Pet Keen is reader-supported. When you buy via links on our site, we may earn an affiliate commission at no cost to you. Learn more.

Home > Cats > Can Cats Eat Beef Wellington? Vet Reviewed Facts & FAQ

Can Cats Eat Beef Wellington? Vet Reviewed Facts & FAQ

PetKeen_Can Cats Eat_beef wellington

Vet approved

Dr. Lorna Whittemore Photo

Reviewed & Fact-Checked By

Dr. Lorna Whittemore

Veterinarian, MRCVS

The information is current and up-to-date in accordance with the latest veterinarian research.

Learn more »

It’s tempting to share something tasty with your pet, and Beef Wellington is undoubtedly tasty, but is this a dish we can safely share with our cats? Unfortunately, Beef Wellington is not safe for cats. You might wonder if removing the pastry would make it more suitable, but the answer is still an unfortunate no. We’ll discuss what makes beef wellington unhealthy and why your cat should not consume it.


Why Can’t Your Cat Enjoy Some Beef Wellington?

The biggest problem you’ll find with human food when sharing it with that special cat in your life is that it contains too many spices, hazardous additives, and sometimes toxic ingredients.

Herbs and Seasoning

We add salt to our food, and in high doses, it can be toxic to cats. All the added herbs and spices might be great for us, but they can cause an upset stomach for our cat. Some herbs like thyme are used in various recipes1, which is an herb cats enjoy, while mustard, black pepper, and chives can cause vomiting or diarrhea, and you might also find these in your Beef Wellington recipe.

Olive Oil is a popular addition to this recipe, and while cats can have olive oil in their diet, it isn’t always a healthy addition. Consuming too much fat can cause vomiting and diarrhea. Of course, your cat wouldn’t be eating that much, but olive oil, in addition to all of these other unhealthy ingredients, does not benefit your cat.

Maine Coon tortoiseshell cat sitting on cat house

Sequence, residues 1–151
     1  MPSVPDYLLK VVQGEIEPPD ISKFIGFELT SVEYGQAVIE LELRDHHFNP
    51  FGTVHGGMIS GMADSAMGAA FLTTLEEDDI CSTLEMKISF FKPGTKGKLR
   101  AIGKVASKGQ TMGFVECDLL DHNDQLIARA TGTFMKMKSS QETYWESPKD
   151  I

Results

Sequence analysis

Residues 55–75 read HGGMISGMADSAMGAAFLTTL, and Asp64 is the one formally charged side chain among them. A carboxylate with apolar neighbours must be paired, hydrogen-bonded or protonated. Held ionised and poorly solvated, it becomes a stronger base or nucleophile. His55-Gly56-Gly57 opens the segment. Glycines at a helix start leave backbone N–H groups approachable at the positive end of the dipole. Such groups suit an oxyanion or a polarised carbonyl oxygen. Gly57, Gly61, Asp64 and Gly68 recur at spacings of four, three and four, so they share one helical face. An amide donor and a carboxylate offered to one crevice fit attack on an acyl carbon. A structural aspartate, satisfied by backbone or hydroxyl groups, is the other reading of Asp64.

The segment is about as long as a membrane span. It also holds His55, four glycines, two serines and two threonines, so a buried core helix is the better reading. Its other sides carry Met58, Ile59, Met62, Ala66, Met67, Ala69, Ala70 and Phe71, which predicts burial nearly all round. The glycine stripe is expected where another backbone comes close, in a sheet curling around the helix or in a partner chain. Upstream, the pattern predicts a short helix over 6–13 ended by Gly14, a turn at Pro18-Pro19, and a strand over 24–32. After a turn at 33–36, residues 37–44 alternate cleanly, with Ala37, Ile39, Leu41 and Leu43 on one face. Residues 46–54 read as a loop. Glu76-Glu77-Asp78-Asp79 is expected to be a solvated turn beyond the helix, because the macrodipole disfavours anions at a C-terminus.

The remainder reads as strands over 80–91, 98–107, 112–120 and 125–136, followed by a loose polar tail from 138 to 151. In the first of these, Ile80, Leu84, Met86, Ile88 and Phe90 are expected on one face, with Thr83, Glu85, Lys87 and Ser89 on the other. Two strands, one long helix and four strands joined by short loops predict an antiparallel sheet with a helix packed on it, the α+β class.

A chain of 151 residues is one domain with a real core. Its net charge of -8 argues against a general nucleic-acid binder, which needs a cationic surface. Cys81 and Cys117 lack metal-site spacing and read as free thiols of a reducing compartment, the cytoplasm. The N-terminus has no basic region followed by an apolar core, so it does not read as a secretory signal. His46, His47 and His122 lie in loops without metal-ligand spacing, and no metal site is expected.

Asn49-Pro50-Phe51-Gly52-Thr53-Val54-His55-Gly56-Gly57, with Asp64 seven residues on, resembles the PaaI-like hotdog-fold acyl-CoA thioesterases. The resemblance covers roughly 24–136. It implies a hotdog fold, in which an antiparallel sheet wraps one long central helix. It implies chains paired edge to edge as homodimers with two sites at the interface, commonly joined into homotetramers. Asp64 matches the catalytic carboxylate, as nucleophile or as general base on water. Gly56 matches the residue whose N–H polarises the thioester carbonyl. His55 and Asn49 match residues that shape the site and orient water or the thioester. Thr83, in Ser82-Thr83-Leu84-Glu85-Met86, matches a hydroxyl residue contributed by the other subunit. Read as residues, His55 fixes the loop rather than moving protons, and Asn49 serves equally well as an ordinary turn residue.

Image By:, Shutterstock

Prosciutto and Mushrooms

Beef Wellington also includes prosciutto, which contains a lot of salt and can add to the risk of salt poisoning, which results in diarrhea, vomiting, weakness, lethargy, dehydration, and excessive thirst. Seasoned mushrooms are generally on the recipe list, and they typically include onions or shallots, which are toxic to cats2. Eating too many can lead to anemia because of the damage they do to red blood cells.

Puff Pastry

The puff pastry around the beef doesn’t add any nutritional benefits to your cat’s diet. While cats can eat carbohydrates in moderation, puff pastry tends to have quite a lot of butter added.

White Wine

While we’re not talking about offering a bowl of wine to your cat, it’s still an ingredient that some recipes mention, and because cats are so small, even a small amount of wine can be harmful to them. Grapes3, the main ingredient in wine, are also toxic to cats and can cause vomiting, diarrhea, and in extreme cases, kidney failure.

Are There Any Ingredients Your Cat Can Enjoy?

Some ingredients are safe for cats to eat, so you could always set something aside while making this dish to give to your cat later. Beef, for example, is a good source of iron, B vitamins, and niacin. It also contains the essential amino acid taurine, which your cat needs for healthy daily living.

Eggs are also something your cat can enjoy occasionally. Cats can have a small portion of cooked eggs (boiled or scrambled) as they’re packed with protein and amino acids, making them a healthy treat.

Bowl of grilled beef slices
Image By: bigacis, Shutterstock



Beef Wellington isn’t safe or healthy to share with your cat. It contains some ingredients that are not only unhealthy but can also be toxic. This doesn’t mean you can’t share any part of this dish with your cat. As long as you separate the beneficial meat and veggies and serve them plain, the recipe has healthy ingredients that your cat will enjoy.

Featured Image Credit: Jumpstory

Our vets

Want to talk to a vet online?

Whether you have concerns about your dog, cat, or other pet, trained vets have the answers!

Our vets